[NCSG-EL-REF] None of the Above

Tapani Tarvainen ncsg at tapani.tarvainen.info
Mon Jun 26 22:53:23 EEST 2017

On Jun 26 10:57, Dan Krimm via Election-reform (election-reform at lists.ncsg.is) wrote:

> It's actually odd to me to see explicit No votes on a ballot (other
> than ballot propositions).

It is somewhat unusual, yes.

> In a race where only one candidate can win the seat, a Yes for one is an
> implicit No for all the others.  If we had Yes-Abstain, where Abstain is
> interpreted as NOTA, and we required that a winner get more Yes votes than
> the abstentions, that would seem to work (except we may potentially need a
> process for a revote?). (Abstain would have to be an explicit vote, whereas
> no-vote is interpreted as a non-ballot for that race.)

Yes. For Chair election that would work. I'm not sure it'd be useful

> In a multi-candidate race where more than one seat is open (top two or
> three, for example) we could determine that winners would still have to
> exceed abstentions to take the seat.

That's what we did last time (and apparently before that as well,
although it was never explicitly stated).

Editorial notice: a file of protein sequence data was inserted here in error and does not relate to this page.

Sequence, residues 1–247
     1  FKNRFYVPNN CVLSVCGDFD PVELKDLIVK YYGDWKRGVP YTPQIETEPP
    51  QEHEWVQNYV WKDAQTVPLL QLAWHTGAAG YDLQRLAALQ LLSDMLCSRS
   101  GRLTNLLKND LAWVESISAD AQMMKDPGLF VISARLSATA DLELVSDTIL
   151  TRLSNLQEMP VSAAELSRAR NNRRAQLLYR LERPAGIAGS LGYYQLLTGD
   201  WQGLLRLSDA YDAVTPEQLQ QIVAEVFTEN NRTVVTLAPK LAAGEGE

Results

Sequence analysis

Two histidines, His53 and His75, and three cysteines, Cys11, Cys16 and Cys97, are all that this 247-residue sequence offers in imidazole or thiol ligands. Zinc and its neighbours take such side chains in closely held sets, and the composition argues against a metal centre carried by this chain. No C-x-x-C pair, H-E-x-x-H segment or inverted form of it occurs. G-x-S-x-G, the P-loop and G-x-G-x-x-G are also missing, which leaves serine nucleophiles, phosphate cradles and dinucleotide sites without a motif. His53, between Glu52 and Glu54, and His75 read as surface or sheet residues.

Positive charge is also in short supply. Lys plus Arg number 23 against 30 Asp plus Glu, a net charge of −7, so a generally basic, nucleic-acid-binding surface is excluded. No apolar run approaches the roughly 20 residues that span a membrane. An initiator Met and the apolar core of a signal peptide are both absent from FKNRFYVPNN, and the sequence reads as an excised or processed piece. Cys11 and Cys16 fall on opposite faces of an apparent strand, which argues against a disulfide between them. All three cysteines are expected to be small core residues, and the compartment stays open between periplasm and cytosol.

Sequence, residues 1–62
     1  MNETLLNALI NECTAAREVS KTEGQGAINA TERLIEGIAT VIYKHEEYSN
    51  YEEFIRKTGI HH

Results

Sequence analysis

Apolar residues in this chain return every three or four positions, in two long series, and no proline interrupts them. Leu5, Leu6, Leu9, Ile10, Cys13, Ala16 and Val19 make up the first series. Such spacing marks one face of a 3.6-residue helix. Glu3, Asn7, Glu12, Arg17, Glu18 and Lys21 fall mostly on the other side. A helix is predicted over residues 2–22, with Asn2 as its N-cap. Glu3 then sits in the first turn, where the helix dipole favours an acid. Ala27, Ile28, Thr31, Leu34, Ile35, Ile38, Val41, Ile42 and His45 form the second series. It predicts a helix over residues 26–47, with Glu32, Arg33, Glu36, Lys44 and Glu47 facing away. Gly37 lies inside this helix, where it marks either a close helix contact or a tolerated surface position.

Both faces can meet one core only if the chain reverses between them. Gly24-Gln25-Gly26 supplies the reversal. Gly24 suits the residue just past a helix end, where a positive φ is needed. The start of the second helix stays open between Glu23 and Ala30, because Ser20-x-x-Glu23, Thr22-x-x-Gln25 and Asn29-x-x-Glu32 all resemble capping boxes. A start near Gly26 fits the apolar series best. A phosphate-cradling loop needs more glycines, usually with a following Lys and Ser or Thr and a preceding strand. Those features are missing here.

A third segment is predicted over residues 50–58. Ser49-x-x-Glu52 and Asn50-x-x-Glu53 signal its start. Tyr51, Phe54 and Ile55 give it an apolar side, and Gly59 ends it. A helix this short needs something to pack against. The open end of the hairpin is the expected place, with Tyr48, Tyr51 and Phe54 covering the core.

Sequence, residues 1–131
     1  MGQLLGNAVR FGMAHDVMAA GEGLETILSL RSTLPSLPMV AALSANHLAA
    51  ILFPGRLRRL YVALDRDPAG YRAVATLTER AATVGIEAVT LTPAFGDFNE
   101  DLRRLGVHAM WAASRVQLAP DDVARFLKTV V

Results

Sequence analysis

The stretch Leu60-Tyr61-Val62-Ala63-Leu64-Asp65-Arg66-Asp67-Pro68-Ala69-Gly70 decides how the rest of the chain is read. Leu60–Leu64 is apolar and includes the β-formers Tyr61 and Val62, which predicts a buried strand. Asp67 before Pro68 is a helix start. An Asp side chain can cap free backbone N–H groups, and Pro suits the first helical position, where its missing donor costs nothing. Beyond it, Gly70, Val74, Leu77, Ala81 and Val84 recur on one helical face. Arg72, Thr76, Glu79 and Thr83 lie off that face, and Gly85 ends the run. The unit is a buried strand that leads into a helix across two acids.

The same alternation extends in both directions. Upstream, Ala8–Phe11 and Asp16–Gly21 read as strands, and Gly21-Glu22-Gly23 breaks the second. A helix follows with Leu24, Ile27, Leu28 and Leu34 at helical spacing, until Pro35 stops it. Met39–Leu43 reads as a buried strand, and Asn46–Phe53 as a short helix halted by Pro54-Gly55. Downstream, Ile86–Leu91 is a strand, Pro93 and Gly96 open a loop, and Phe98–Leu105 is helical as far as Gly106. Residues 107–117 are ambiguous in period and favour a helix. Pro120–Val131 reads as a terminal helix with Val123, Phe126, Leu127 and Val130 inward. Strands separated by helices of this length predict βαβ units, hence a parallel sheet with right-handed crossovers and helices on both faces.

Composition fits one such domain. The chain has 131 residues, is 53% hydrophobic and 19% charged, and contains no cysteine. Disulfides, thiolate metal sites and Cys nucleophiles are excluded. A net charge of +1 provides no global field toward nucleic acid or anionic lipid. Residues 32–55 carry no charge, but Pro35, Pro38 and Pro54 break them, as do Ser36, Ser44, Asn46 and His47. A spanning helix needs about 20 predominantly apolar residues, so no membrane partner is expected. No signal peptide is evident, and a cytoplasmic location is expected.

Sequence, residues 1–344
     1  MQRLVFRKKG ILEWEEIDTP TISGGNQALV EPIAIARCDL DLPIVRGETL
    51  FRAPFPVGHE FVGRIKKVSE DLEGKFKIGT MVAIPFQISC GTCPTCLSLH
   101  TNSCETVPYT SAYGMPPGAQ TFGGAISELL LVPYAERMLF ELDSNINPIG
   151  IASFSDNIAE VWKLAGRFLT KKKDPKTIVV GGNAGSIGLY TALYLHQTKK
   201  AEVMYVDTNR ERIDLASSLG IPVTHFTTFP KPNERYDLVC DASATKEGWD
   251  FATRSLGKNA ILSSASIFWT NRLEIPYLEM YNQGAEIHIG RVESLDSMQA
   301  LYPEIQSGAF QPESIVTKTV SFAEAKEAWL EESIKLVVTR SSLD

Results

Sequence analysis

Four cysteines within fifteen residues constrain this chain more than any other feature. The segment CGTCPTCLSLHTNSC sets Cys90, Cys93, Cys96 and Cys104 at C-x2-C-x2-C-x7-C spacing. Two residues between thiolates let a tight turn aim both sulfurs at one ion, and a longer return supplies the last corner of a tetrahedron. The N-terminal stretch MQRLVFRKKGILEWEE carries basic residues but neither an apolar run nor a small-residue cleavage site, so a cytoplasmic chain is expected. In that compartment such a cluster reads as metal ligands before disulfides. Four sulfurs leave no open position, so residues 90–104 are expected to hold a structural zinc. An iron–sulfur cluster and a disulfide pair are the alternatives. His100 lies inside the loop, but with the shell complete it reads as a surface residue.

> In both of these cases, we'd need provisions for how to handle seats that
> were left unfilled by the election -- some combination of temporary
> appointments (or extensions of term of current seat holders) and new
> elections?

Correct. Reading the charter the simplest reading I can think of is it
should be handled like when a councillor resigns midterm, that is, EC
would appoint a temporary alternate until next regular elections (3.2).
But the EC could also define a procedure for the situation, including
special elections.

Likewise in Chair election: if NotA wins all candidates and that's
interpreted to mean they won't get elected, it'd fall upon the EC to
elect the new Chair. It would be good to have a procedure defined
for that situation (new elections or whatever).

Having procedures defined in advance would have the crucial
advantage that it could save the day in case EC cannot agree
(NCSG EC decisions are made by full consensus, e.g., unanimously).

Tapani Tarvainen

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